Credit Daniel Wallace / Tampa Bay Times/ZUMAPRESS.com
Rebecca Smith, owner of A.D. Morgan, speaks Thursday at a Tampa, Fla., event to denounce President Obama's statements about small businesses. The event was organized by the Romney campaign. At left is Lou Ramos of Value Enterprise Solutions.
Rebecca Smith owns a Tampa, Fla., construction-management firm that does a lot of work overseeing the building of schools and jails, and other projects for state and local governments.
But even though much of her firm's $80 million in annual revenue comes from contracts with government agencies, she says she was "disgusted" by President Obama's thesis that government had a significant role in her business achievements.
Obama's actual words, from a July 13 speech in Virginia, were:
With the 2012 Summer Olympics in London just over the horizon, it occurred to us that for every Lebron James and Michael Phelps, there are less heralded athletes who will be wearing the red, white and blue who are equally dedicated and proud to represent their country. We wanted to meet some of them, so today, we are joined by Tumua Anae. She's a goalkeeper for the U.S. Women's Water Polo Team, and she joins us from Los Alamitos, California, where she's been training.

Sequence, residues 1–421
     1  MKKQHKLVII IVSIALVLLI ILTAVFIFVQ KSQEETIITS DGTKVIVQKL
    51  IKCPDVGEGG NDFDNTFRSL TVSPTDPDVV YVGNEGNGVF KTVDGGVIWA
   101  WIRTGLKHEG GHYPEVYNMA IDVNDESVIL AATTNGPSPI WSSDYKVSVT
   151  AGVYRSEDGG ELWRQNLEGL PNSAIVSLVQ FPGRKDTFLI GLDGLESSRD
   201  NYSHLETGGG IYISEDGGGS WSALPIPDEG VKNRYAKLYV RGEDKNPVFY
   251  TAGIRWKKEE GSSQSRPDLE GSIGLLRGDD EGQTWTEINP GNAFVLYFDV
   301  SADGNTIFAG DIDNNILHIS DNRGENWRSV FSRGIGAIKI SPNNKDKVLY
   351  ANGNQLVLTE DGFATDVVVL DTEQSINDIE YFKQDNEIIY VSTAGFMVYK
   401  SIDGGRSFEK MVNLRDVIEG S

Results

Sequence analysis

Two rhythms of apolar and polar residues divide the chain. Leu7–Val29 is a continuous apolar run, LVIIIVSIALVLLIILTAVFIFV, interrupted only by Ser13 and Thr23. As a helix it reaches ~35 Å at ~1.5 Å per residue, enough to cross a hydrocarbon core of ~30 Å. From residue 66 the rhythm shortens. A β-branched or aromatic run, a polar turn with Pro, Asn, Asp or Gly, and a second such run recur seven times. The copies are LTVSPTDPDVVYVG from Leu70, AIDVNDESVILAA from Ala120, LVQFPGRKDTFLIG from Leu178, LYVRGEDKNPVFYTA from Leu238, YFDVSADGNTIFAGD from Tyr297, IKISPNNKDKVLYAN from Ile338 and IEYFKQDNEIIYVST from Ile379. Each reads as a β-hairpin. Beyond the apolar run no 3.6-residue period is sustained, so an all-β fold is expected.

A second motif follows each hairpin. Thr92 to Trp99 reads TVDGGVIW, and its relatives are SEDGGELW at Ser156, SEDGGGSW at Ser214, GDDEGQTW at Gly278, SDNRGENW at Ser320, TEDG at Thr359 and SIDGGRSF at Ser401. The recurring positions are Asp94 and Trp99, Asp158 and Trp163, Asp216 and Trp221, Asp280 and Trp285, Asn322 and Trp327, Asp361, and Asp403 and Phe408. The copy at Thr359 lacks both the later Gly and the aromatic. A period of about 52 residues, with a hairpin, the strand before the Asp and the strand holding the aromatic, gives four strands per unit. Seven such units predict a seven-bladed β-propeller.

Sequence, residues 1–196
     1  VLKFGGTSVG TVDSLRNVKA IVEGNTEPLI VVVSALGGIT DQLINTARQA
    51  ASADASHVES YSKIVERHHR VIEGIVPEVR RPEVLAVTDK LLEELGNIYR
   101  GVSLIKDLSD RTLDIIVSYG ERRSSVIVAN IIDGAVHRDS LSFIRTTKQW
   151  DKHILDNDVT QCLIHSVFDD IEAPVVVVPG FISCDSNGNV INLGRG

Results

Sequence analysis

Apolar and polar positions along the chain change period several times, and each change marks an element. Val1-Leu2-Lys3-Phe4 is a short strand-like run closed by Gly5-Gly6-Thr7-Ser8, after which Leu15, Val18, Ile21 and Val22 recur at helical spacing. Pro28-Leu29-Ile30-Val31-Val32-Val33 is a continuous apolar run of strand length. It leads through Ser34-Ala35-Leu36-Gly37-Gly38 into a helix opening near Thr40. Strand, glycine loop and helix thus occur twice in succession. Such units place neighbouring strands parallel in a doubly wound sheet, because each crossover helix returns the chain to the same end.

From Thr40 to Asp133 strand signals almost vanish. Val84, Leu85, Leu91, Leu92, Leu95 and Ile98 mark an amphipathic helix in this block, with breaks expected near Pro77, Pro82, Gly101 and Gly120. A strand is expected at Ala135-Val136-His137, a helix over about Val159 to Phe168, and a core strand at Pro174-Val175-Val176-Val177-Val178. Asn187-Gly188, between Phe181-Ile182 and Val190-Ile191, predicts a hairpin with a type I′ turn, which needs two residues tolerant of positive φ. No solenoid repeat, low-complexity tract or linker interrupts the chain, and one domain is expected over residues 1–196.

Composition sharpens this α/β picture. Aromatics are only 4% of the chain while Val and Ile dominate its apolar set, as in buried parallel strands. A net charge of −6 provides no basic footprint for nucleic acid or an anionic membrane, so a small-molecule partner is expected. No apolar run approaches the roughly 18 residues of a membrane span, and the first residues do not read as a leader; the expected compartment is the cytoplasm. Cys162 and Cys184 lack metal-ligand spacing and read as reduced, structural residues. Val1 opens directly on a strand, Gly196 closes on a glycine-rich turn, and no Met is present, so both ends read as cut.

Thanks so much for taking the time to speak with us.
Facebook reported slightly stronger than expected profits. For the second quarter, it reported a net loss of $157 million or 11 cents a share. But when it adjusted its earnings to remove stock compensation charges related to its IPO, Reuters reports, Facebook actually made 12 cents a share.
In the novel What Happened to Sophie Wilder, writer Charlie Blakeman runs into his former college love after 10 years and finds out that she has converted to Catholicism. Charlie can't make sense of her conversion, but as he finds out more about Sophie's past, he sees her life is more complicated than he previously thought. When Sophie once again disappears, Charlie sets out to discover what has happened to her.
Although Ai Weiwei's art is internationally recognized, much of his worldwide fame comes from his political activism in China. The latter is the focus of Alison Klayman's documentary Ai Weiwei: Never Sorry.
A couple of months ago, I visited Beijing, and like so many before me, I was stunned by how hypercapitalist Communist China has become — the hundreds of glossy highrises, the countless shops selling Prada and Apple, the traffic jams filled with brand new Audis. You felt you could be in L.A. or Tokyo — until you wanted some information. Then you discovered that Facebook was permanently blocked, certain words in Google searches always crashed your browser, and, as my wife joked, it was easier to buy a Rolls-Royce than a real newspaper. Here was a country at once booming — and repressive.
Activist Alexandra Volgina (right) accepts the Red Ribbon Award at the 19th International AIDS Conference for her grassroots group Patients in Control, which has worked to improve HIV treatment programs in Russia.